When we survey the delectable array of Mexican, Tex-Mex and other south-of-the-border eateries that grace our town these days, it’s easy to forget that we haven’t always been so richly blessed.
I’m sure I’m not the only Baby Boomer who can still remember when Mexican food in Louisville meant chili, with a canned tamale dropped in the bowl upon request.
It was only in the 1970s that we started to see a little more culinary diversity in Tumbleweed, the short-lived Por Que No on Bardstown Road, Chico’s in Hikes Point, and the original Tumbleweed. And it took until the 1990s before the Mexican and Central American diaspora started bringing us more of the real deal, ranging from authentic taquerias where it helps to know a few words of Spanish, to the more entrepreneurial Tex-Mex mini-chains, which thrive through quality fare tuned to Norteamericano tastes.
Recently, though, new-wave Mexican spots including El Mariachi in Lyndon, The Ville Taqueria in St. Matthews and Con Huevos in Clifton are setting a new standard, with inviting, bilingual restaurants that offer real Mexican food made by Mexican people — without compromises.
Let’s celebrate the latest arrival in this admirable genre: MexA Steak Tacos (yes, they do spell it like that) offers a short but interesting menu based almost entirely on grilled steak tacos made in the fashion of Monterrey, Mexico, MexA owner Lorena Casas’ hometown.
Monterrey, a fair-size Mexican city, is located inland, not too far south of Laredo, Texas, so it doesn’t surprise me that folks in this region are just about as gaga over beef as their neighbors to the north.
MexA makes stylish use of a storefront next door to Asahi Japanese, just in the road from Lotsa Pasta. It’s thoughtfully decorated with pretty dark-gray-and-white tiles and rough wood, filled with wooden tables and sturdy wooden chairs. But the main thing you’re likely to notice when you walk in is an oversize stainless grill about the size of a pool table, where a crew of chefs stays busy shredding and grilling strips of sirloin steak just about as fast as happy customers keep eating it up.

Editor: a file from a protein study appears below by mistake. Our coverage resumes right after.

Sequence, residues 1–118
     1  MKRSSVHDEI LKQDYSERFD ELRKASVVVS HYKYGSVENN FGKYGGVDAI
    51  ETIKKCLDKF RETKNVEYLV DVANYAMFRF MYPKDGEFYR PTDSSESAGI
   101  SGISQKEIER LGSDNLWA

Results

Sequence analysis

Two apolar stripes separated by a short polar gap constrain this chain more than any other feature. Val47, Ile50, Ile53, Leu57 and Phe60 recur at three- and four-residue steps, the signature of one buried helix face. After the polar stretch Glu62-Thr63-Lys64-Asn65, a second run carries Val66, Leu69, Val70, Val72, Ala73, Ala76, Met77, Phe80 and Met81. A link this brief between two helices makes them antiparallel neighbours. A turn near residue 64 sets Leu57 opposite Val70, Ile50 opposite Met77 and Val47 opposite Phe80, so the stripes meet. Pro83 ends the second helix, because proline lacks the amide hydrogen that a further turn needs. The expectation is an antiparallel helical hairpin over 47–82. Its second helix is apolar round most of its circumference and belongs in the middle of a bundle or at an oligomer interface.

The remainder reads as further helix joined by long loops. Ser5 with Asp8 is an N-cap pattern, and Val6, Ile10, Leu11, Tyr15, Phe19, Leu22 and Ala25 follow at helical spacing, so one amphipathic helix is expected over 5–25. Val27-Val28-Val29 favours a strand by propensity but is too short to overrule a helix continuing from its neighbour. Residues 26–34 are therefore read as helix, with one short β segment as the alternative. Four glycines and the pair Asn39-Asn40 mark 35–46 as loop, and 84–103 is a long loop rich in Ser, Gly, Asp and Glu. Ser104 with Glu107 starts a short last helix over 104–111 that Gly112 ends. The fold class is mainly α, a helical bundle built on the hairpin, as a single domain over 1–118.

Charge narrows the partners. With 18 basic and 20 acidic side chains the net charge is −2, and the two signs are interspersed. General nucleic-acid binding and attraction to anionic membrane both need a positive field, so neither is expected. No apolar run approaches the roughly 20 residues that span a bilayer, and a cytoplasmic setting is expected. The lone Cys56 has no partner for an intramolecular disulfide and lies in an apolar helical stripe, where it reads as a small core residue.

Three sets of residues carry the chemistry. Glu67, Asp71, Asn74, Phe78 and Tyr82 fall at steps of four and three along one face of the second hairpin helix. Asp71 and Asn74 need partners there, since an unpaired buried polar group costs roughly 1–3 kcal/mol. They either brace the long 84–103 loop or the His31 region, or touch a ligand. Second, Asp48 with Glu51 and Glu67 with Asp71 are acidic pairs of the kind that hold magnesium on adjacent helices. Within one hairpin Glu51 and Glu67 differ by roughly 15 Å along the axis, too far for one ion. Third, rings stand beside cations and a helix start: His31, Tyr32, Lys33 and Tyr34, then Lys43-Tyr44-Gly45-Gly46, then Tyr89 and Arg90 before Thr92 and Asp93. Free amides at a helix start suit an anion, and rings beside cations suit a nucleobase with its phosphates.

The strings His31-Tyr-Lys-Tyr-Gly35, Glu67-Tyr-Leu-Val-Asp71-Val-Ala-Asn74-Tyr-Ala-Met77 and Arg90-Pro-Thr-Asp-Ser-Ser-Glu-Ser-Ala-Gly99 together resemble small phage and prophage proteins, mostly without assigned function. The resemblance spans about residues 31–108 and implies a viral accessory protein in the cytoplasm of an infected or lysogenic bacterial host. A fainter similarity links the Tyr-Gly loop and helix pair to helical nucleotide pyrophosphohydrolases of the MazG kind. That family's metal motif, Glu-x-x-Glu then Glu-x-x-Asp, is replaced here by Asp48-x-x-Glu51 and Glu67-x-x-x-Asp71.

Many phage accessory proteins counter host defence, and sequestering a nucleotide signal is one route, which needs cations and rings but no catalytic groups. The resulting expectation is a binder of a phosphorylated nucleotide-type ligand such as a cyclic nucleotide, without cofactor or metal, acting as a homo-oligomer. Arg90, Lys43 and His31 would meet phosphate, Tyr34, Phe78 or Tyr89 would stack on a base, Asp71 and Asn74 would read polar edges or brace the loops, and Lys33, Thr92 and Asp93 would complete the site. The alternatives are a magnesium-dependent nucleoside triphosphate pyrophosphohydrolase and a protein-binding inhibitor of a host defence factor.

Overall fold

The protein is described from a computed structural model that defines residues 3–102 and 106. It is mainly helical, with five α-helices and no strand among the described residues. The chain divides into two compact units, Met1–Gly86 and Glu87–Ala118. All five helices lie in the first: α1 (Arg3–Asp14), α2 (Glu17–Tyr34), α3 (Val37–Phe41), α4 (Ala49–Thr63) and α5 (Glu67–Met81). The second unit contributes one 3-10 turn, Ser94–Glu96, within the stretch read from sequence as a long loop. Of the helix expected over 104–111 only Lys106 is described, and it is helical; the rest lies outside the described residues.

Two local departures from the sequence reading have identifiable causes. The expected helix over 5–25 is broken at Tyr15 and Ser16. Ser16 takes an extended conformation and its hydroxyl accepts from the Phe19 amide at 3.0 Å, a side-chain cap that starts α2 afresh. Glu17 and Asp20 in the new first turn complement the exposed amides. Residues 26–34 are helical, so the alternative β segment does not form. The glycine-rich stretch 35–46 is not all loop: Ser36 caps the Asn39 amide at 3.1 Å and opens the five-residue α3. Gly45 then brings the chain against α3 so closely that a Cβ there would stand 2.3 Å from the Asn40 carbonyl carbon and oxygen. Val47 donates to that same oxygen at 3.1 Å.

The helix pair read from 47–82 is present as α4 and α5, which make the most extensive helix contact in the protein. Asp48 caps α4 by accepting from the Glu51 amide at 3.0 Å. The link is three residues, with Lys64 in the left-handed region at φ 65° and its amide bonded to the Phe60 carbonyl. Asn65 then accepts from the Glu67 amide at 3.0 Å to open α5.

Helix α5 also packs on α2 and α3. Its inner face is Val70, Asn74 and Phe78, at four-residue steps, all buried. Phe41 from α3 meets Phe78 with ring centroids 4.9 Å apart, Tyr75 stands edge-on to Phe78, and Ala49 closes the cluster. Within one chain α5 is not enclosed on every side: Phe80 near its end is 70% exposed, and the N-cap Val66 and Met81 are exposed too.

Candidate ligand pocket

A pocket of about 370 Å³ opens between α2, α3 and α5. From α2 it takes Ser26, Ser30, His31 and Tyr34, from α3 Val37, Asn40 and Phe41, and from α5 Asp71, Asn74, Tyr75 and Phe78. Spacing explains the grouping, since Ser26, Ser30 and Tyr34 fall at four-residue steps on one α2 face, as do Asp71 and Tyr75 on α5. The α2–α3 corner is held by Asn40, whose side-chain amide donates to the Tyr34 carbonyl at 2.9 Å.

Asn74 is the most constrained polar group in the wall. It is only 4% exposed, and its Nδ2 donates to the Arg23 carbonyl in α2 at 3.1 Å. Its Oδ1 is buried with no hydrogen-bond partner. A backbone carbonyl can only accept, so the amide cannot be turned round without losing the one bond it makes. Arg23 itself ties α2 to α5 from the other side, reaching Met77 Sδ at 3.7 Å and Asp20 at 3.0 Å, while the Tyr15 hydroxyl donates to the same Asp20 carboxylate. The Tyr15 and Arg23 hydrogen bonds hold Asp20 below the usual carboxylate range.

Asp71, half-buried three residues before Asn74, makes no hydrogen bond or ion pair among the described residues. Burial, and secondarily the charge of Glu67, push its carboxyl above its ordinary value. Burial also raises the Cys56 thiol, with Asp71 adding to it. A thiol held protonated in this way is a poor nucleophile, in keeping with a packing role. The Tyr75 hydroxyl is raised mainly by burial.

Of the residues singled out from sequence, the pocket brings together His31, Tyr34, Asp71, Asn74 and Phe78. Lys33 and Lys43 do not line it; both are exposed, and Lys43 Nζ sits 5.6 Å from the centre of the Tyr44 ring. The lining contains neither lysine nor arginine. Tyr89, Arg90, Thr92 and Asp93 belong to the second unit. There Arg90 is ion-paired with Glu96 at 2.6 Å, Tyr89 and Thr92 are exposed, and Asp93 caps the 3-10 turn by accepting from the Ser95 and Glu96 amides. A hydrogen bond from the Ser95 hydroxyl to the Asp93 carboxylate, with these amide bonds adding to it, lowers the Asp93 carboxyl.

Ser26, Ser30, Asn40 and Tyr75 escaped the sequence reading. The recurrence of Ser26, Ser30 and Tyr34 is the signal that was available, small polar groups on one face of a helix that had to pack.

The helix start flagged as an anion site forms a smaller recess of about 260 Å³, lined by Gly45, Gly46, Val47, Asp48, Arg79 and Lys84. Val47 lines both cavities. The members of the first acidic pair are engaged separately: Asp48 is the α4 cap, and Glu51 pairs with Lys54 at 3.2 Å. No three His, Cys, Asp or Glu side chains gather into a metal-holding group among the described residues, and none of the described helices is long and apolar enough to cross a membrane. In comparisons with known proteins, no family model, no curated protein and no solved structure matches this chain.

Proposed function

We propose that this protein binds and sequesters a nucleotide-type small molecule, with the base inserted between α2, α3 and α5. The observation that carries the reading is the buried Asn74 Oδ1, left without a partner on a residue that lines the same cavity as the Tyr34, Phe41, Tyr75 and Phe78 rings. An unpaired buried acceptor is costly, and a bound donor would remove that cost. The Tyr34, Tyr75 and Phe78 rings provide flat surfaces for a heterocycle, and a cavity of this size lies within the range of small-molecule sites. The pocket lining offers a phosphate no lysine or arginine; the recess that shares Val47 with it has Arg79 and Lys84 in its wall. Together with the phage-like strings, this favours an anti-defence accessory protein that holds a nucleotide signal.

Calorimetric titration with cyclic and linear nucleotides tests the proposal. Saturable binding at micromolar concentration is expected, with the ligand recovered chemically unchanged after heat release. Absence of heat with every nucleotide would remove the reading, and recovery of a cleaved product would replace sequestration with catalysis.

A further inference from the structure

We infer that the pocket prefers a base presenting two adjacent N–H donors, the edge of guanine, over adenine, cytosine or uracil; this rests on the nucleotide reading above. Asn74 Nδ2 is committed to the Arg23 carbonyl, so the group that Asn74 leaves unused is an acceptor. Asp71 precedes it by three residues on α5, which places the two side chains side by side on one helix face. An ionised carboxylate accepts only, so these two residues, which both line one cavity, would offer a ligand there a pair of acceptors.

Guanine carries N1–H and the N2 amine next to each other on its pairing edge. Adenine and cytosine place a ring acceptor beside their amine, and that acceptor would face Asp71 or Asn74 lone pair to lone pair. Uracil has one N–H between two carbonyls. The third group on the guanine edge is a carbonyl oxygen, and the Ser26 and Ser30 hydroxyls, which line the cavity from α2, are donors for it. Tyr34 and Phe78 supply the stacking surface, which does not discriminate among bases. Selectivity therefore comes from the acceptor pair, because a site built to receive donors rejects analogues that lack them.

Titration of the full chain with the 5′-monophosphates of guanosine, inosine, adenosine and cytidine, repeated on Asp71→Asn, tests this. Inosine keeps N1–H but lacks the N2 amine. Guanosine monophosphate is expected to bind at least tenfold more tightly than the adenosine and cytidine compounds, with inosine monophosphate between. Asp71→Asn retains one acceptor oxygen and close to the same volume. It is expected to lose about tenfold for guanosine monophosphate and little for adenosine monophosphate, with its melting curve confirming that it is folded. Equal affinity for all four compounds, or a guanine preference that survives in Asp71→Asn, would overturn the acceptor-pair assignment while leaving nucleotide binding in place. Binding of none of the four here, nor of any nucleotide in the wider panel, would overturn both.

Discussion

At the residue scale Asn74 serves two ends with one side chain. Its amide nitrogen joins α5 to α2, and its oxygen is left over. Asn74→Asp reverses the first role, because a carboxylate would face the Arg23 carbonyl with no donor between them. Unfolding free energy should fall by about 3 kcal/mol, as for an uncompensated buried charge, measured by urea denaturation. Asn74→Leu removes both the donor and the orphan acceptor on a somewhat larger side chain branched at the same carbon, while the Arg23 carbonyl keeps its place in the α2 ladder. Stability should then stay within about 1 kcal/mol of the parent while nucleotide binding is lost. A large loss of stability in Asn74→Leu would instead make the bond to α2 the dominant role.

We looked around, tried a taco each and a dish of guacamole and chips, and gently moaned, “Whoa.” We went back up for more tacos. And then another round. And some frijoles and chips. I even thought about a Nutella-in-tortilla dessert taco, but just couldn’t. It’s good, seriously all good. I am not kidding about this.
The menu, as I said, is not overly long, and it’s largely based on just-grilled beef and house-made tortillas. But there’s still plenty of choice. Seven beef-based tacos are tightly clustered in price between $4.15 and $4.40; a trio of larger Tacos Piratas (“like quesadillas, but better”) are $8.15-$8.25. You can get a stack bowl over rice or a massive plate of MexA Nachos for $8, and if you want to avoid the beef thing entirely, a veggie taco is $3.25.
Everything is served in disposable service ware. Plastic utensils and paper napkins sit in galvanized buckets on the tables. Food comes in cardboard trays; fountain drinks in plastic cups.
We couldn’t eat it all on one trip, although we would have liked to. Here’s a quick look at the goodies we tried. I’m pretty sure we’ll be going back to sample the rest.
Tortillas are cooked to order, and they are excellent. The fried chips made from them are among the best I have ever eaten. They’re thick, crunchy and grease-free, and they make a great vehicle for all four combos: salsa ($3), chunky, fresh guacamole ($5), poblano queso ($4.50) or juicy, tender pinto beans ($3).
The beef is very good, too. It’s shoveled into tacos in small bite-size chunks, every piece offering a good mixture of charred edges and juicy pink medium-rare center.
The Sonora taco ($4.40) lays down juicy bits of sirloin on a base of queso and tender pinto beans, garnished with a banana pepper salsa and cubes of cucumber. It had a bit of heat kick from the salsa, and the cucumbers, small cubes that seemed to have been grilled, reminded us of cactus.
The street taco ($4.15) is traditional taqueria-style, with plenty of that juicy grilled sirloin laid on an open-face corn tortilla and dressed with abundant chopped onion and cilantro and a tiny wedge of avocado. The meat was good as ever, but we couldn’t get a lot of cilantro flavor.
One of the Tacos Piratas, the Caramelo ($8.25) started with a crunchy, caramelized round of grilled cheese on an oversize flour tortilla; topped it with sirloin; added pintos, chopped onions and cilantro, strips of roasted poblano peppers, and tangy crema. It was a flavor symphony, but a small challenge to roll, pick up and eat.
I lost track of what we were paying for our many orders and didn’t really care, but it’s an affordable repast. With a Jarritos Tamarindo Mexican soft drink, all that food couldn’t have come to more than $30 or so, plus a 25 percent tip as my way of saying “Muy bueno!”